Single-dose azithromycin versus seven days of amoxycillin in the treatment of acute otitis media in Aboriginal children (AATAAC): a double blind, randomised controlled trial

Peter S Morris, Gaudencio Gadil, Gabrielle B McCallum, Cate A Wilson, Heidi C Smith-Vaughan, Paul Torzillo and Amanda J Leach
Med J Aust 2010; 192 (1): 24-29.


Objective: To compare the clinical effectiveness of single-dose azithromycin treatment with 7 days of amoxycillin treatment among Aboriginal children with acute otitis media (AOM) in rural and remote communities in the Northern Territory.

Design, setting and participants: Aboriginal children aged 6 months to 6 years living in 16 rural and remote communities were screened for AOM. Those diagnosed with AOM were randomly allocated to receive either azithromycin (30 mg/kg as a single dose) or amoxycillin (50mg/kg/day in two divided doses for a minimum of 7 days). We used a double-dummy method to ensure blinding. Our study was conducted from 24 March 2003 to 20 July 2005.

Main outcome measures: Failure to cure AOM by the end of therapy; nasal carriage of Streptococcus pneumoniae and non-capsular Haemophilus influenzae (NCHi).

Results: We followed 306 of 320 children (96%) allocated to the treatment groups. Single-dose azithromycin did not reduce (or increase) the risk of clinical failure (50% failure rate [82/165]) compared with amoxycillin (54% failure rate [83/155]) (risk difference [RD], – 4% [95% CI, – 15% to 7%]; P = 0.504). Compared with amoxycillin, azithromycin significantly reduced the proportion of children with nasal carriage of S. pneumoniae (27% v 63%; RD, – 36% [95% CI, – 47% to – 26%]; P < 0.001) and NCHi (55% v 85%; RD, – 30% [95% CI, – 40% to – 21%]; P < 0.001). Nasal carriage of S. pneumoniae with intermediate or full resistance to penicillin was lower (but not significantly so) in the azithromycin group (10% v 16%), but this group had significantly increased carriage of azithromycin-resistant S. pneumoniae (10% v 3%; RD, 7% [95% CI, 0.1% to 12%]; P = 0.001). Carriage of β-lactamase-producing NCHi was about 5% in both groups.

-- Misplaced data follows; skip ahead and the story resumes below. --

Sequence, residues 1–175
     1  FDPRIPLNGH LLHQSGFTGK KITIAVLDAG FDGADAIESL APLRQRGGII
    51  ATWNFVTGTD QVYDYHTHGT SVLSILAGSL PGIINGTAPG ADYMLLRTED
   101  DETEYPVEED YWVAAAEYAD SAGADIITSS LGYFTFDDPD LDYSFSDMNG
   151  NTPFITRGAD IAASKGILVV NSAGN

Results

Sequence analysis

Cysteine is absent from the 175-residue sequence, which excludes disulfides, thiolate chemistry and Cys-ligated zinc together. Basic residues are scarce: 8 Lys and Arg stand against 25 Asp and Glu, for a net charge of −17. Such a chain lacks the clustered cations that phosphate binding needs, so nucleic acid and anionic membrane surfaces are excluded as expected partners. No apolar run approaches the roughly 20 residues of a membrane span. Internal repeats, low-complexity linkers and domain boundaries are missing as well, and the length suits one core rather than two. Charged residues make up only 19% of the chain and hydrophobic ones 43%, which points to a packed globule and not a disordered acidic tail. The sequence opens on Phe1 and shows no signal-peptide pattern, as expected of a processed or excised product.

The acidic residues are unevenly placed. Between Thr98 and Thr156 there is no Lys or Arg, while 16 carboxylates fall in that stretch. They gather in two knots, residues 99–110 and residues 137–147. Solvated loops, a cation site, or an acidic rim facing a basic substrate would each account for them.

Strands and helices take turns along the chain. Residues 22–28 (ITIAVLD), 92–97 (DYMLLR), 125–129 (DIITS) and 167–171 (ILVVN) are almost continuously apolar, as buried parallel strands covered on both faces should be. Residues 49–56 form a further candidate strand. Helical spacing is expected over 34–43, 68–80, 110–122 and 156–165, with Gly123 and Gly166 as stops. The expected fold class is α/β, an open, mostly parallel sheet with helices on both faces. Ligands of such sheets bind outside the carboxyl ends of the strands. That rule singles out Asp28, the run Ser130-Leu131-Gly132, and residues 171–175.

Conclusion: Although azithromycin reduced nasal carriage of S. pneumoniae and NCHi, clinical failure was high in both treatment groups. The possibility of weekly azithromycin treatment in children with persistent AOM should be evaluated.

Trial registration: Australian Clinical Trials Registry ACTRN 12609000691246.

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  • Peter S Morris1,2,3
  • Gaudencio Gadil1,2
  • Gabrielle B McCallum1,2
  • Cate A Wilson1,2
  • Heidi C Smith-Vaughan1,2
  • Paul Torzillo4
  • Amanda J Leach1,2

  • 1 Child Health Division, Menzies School of Health Research, Darwin, NT.
  • 2 Institute of Advanced Studies, Charles Darwin University, Darwin, NT.
  • 3 Northern Territory Clinical School, Flinders University, Darwin, NT.
  • 4 Royal Prince Alfred Hospital, Sydney, NSW.


The National Health and Medical Research Council provided funding for our study but had no role in data analysis or manuscript preparation. We thank the families and children who participated in our study, the NT Department of Health and Families, the community health boards, and staff at the 16 clinics involved. We also thank the following AATAAC collaborators for their contributions to the field and laboratory data collection and analysis and assistance with reviewing our manuscript: Stephen Halpin and Joseph McDonnell (statistical analysts); Katrina Hodson and Susie Hopkins (clinical data collectors); Mandy Kennedy, Elizabeth Stubbs and Kim Hare (laboratory scientists); Jemima Beissbarth (laboratory scientist and data manager); Marius Puruntatameri (Indigenous Elder and study advocate); Kathy Currie (audiologist and study advocate); and Keith Edwards (paediatrician and study advocate).

Competing interests:

None identified.

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